Friday, January 13, 2017
Sense of direction
"Do you go to Sample?" The question from this 20-something guy sounded routine enough at first. And the obvious answer was Yes, since this bus was the 34 and spends all day going east and west on Sample Road. This type of question pops up on every route occasionally, from US 1 to 441 and beyond. We all make similar mistakes every day, so I don't make fun of these slips, but I do have fun with them.
"We sure do go to Sample! You're already here!" Then the realization comes, and we can figure out where on Sample he's trying to go.
"Going to US 1?" His second question immediately replaced my attempt at jest with sympathy. We were headed west and his destination was east. He needed the bus on the other side of the street, and it was passing by as we spoke. This wouldn't be an issue on a weekday, but today was Sunday and the next 34 wouldn't be by for awhile. Fortunately, it appeared to be servicing a stop, so I pointed it out and off he went, shuffling across the street in flip flops.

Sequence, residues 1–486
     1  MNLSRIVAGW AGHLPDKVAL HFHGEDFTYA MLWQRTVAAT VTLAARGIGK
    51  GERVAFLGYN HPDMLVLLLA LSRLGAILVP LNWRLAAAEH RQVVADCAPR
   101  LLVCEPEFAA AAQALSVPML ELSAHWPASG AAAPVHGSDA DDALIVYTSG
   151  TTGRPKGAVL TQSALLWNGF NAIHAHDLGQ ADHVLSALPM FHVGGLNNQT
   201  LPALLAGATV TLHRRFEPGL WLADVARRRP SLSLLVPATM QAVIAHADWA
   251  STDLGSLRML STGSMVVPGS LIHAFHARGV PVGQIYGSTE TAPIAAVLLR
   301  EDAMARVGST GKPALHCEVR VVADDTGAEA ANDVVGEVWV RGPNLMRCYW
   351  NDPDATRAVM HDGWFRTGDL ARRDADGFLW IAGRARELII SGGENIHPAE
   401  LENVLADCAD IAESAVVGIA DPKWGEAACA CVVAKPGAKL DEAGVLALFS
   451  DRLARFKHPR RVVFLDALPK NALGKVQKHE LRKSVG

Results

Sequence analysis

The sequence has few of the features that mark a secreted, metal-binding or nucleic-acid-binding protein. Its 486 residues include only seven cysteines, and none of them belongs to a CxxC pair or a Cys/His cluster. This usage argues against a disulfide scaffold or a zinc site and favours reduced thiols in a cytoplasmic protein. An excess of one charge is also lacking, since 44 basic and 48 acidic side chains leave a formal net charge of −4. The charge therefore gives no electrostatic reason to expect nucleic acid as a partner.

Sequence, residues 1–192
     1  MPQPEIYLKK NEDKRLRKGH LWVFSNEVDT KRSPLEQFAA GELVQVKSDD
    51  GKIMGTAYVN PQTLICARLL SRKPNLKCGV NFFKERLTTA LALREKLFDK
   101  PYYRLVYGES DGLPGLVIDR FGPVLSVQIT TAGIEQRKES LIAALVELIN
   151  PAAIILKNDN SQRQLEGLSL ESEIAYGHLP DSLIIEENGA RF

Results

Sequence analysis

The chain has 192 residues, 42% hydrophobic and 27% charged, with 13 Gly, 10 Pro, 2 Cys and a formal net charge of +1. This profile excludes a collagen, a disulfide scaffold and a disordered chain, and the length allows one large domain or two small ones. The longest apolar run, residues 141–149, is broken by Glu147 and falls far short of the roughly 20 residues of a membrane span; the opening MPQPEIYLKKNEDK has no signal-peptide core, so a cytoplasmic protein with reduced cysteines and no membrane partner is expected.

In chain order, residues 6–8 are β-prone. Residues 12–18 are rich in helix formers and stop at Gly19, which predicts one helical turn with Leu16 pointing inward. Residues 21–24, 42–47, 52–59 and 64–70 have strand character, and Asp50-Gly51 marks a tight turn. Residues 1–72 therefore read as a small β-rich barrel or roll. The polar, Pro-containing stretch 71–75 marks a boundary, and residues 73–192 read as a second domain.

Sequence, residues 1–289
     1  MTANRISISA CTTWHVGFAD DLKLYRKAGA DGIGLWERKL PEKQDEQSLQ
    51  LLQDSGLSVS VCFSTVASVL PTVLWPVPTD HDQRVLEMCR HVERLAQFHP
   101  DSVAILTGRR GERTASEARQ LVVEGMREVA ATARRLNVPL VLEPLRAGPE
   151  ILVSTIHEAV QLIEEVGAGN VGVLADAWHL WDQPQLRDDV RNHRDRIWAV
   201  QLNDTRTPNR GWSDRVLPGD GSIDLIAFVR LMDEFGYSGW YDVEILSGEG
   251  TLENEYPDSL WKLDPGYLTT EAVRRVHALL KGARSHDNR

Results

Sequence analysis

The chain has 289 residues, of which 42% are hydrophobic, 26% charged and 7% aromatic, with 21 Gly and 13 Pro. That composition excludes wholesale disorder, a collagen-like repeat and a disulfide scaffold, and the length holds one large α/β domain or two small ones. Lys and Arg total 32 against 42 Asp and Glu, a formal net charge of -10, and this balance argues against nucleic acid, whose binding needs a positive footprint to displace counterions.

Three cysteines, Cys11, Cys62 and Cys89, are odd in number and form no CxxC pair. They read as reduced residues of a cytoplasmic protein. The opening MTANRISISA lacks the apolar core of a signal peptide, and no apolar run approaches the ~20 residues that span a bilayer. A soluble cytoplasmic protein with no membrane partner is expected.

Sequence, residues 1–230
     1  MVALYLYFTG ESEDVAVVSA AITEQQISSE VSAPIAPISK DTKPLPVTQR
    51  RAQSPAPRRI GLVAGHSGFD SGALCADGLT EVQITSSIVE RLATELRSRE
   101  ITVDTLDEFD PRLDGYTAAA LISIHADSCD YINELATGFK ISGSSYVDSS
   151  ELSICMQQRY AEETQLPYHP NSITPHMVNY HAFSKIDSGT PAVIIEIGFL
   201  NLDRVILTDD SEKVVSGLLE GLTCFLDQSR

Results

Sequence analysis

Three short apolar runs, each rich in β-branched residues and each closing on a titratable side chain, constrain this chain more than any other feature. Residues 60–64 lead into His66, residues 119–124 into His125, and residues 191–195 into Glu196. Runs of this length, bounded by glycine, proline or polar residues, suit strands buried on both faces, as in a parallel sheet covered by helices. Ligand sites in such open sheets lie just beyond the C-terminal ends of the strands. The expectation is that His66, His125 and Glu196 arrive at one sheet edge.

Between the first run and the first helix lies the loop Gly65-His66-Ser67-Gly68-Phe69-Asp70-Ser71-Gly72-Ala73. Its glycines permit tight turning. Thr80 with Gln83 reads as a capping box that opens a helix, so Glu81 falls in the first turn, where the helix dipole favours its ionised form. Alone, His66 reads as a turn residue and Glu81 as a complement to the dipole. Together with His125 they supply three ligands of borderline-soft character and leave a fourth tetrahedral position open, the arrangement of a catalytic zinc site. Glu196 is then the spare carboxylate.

"No sense of direction." The observation came from another, older passenger who'd been watching. His comment assured me I was not the only one with a theory on suburban kids. There are generations of west Broward young people who are so far west they may have never smelled salty ocean air. Even though I'm a born-and-raised Eastsider, I personally disdain the beach because it's too sandy. Even so, the Atlantic is my first point of reference for direction. It is always due east, and with our generally north-south-east-west street grid there's no need for a compass to determine which way to turn. What reference point does someone in Coral Springs use to get their bearings?